REACH. Recently-implemented teacher evaluation systems have produced an influx of data and measures on teacher performance. Teachers now receive–often for the first time–specific feedback and detailed evaluation reports on their instruction. It is easy to imagine how these data about teacher performance can be useful–for example, teachers whose evaluations identify areas of weakness can connect with and learn from other teachers who have demonstrated mastery in those areas and principals can use evaluation data to inform staffing decisions. However, the data are only as good as they are used and while there is early evidence that teachers have the potential to improve their instruction under strong evaluation systems, there is little research on how the new information about teacher practice translates into improved instruction across a district. This study aims to fill this void by examining teachers' and principals' use of teacher evaluation data for instructional improvement. Our research questions include understanding how and to what extent teachers and administrators are using teacher evaluation data to improve instructional practice or make career decisions.
Teacher pathways and induction. Student teaching has long been viewed as a cornerstone of teacher preparation; yet, little is known about how student teaching influences aspiring teachers’ career decisions, employment, and instructional preparedness. Given the vast time and resources they put into designing and facilitating student teaching experiences, teacher educators want to be certain that their investments benefit graduates from their programs. From a school district perspective, understanding how student teaching serves as a talent acquisition pipeline is a concern among schools and districts who regularly provide teacher education programs with mentor teachers and student teaching classrooms for preparing the next generation of teachers. These concerns are particularly pressing in the Chicago Public Schools (CPS), where only about one out of five individuals who student teaches in the district is subsequently employed there. The Chicago Teacher Pathways Project seeks to identify those features of student teaching—with a particular focus on placement settings, mentor teachers, and mentoring practices used, that improve prospective teachers’ preparation, application and employment rates, retention, and instructional quality in CPS. To investigate these matters, principal investigator Dr. Kavita Kapadia Matsko and colleagues from UChicago Consortium, University of Michigan, and Stanford University are following the cohort of approximately 1,800 individuals who will student teach in CPS during the 2014-15 academic year to examine the longitudinal effects of their preparation on their intended and actual career trajectories and instructional quality in local schools. The study draws upon pre- and post-student teaching surveys, mentor teacher surveys, and extensive district administrative information on teachers and schools, including job applications, employment, and teacher evaluation data. This project will help district and preparation program stakeholders better understand which features of student teaching—with a particular focus on mentor teachers and placement settings—are predictive of career trajectories and performance. Findings will have implications for how to improve the talent acquisition pipeline in CPS, and teacher preparation experiences, more broadly.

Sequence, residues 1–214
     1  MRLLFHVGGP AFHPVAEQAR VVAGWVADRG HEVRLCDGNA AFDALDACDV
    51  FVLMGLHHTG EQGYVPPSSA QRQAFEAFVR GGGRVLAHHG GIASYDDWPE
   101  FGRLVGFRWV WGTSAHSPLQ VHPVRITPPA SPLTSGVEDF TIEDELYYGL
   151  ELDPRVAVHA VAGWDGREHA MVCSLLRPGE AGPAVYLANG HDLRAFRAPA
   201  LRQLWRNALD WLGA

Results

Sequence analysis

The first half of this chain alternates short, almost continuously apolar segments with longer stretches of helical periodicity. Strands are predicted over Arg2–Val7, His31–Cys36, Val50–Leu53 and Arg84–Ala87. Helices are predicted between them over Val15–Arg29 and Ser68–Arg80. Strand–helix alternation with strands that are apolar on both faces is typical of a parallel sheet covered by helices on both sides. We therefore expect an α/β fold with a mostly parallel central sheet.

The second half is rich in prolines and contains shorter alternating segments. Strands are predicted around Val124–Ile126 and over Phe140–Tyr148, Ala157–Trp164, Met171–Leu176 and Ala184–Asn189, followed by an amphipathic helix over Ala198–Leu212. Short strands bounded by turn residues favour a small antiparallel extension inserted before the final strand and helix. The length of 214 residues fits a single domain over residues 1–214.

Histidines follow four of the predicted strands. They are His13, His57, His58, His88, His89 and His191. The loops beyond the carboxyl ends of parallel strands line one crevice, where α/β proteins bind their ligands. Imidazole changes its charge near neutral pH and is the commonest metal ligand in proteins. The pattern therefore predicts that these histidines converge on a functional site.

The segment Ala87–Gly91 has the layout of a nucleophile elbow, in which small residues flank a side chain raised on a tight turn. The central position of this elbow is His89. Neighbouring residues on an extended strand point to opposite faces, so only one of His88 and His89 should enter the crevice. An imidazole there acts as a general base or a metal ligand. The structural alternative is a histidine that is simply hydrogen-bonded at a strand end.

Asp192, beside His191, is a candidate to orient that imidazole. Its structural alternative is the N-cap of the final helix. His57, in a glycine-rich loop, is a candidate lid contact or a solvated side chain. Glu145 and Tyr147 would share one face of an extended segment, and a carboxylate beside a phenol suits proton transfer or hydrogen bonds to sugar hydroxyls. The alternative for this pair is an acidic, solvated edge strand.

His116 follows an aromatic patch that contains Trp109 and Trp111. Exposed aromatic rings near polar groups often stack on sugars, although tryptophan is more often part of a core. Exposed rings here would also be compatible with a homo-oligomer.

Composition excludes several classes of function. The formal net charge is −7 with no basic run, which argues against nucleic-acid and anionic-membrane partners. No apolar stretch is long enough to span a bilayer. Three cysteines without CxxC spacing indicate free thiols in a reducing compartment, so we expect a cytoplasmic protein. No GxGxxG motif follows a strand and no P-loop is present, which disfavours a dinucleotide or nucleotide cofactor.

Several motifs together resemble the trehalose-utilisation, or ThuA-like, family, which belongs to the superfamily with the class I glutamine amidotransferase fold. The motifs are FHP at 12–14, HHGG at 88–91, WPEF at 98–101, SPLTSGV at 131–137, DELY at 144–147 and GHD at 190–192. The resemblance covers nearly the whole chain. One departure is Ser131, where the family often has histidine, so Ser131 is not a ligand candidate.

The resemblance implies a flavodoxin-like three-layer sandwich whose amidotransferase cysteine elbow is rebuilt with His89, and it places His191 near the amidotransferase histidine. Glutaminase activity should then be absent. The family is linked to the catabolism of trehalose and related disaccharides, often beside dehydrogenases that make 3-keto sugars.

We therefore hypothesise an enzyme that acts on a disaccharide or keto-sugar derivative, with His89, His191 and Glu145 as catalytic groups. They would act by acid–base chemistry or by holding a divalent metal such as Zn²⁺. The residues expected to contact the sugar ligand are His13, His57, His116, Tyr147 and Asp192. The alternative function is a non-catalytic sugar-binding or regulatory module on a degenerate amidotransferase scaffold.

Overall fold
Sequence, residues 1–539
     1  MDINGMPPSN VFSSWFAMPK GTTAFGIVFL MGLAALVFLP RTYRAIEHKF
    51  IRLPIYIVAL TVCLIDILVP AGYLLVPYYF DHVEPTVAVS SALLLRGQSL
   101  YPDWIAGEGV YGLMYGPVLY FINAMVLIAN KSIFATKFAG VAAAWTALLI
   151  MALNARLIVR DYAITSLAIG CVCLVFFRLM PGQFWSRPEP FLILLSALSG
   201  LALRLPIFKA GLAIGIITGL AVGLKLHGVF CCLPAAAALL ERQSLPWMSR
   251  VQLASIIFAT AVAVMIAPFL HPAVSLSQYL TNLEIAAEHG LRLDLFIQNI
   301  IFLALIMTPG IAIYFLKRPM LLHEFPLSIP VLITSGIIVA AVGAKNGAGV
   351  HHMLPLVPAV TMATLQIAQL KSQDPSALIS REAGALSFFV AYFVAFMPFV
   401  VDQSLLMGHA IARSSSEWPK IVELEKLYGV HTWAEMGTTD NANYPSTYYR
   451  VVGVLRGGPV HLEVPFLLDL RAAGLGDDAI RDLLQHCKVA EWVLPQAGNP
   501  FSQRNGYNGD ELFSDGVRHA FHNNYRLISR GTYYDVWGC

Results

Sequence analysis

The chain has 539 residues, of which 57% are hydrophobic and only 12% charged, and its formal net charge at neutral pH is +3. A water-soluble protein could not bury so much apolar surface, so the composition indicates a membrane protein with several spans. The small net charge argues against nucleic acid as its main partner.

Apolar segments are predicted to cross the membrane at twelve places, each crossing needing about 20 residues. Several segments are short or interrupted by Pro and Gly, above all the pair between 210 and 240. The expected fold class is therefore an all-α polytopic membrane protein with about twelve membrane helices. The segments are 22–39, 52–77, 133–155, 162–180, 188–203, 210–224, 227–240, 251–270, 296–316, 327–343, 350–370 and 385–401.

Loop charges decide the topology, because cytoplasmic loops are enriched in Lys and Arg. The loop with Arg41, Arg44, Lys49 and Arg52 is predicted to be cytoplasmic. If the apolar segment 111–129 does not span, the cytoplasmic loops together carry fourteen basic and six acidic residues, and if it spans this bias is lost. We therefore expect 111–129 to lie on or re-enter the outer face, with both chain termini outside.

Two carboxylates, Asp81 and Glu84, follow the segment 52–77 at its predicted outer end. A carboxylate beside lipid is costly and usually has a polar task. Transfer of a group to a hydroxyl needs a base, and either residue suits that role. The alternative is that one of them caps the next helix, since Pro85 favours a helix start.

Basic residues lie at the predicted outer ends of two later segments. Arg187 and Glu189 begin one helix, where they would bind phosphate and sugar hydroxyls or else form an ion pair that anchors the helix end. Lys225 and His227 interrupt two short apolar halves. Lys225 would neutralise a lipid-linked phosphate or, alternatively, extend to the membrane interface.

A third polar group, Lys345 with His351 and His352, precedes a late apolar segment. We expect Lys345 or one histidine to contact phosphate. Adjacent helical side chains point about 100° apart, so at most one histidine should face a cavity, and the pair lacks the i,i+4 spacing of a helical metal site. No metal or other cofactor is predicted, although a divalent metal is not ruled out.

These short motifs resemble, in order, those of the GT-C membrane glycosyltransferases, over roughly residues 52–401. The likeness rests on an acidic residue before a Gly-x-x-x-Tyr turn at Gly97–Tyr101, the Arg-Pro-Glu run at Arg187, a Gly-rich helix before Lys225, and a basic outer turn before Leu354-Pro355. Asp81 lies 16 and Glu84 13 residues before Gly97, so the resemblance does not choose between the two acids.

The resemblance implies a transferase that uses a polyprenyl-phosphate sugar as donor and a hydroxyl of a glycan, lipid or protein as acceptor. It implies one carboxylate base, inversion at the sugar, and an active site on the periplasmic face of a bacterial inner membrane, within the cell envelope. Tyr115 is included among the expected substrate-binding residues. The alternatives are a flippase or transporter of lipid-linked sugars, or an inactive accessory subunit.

Urban Teacher Education Program (UChicago UTEP) evaluation. One training program that UChicago Consortium is studying in-depth is the UTEP program at the University of Chicago Urban Education Institute. UChicago Consortium is providing formative feedback to guide the development of the program by analyzing graduates’ performance and the issues that arise in their training.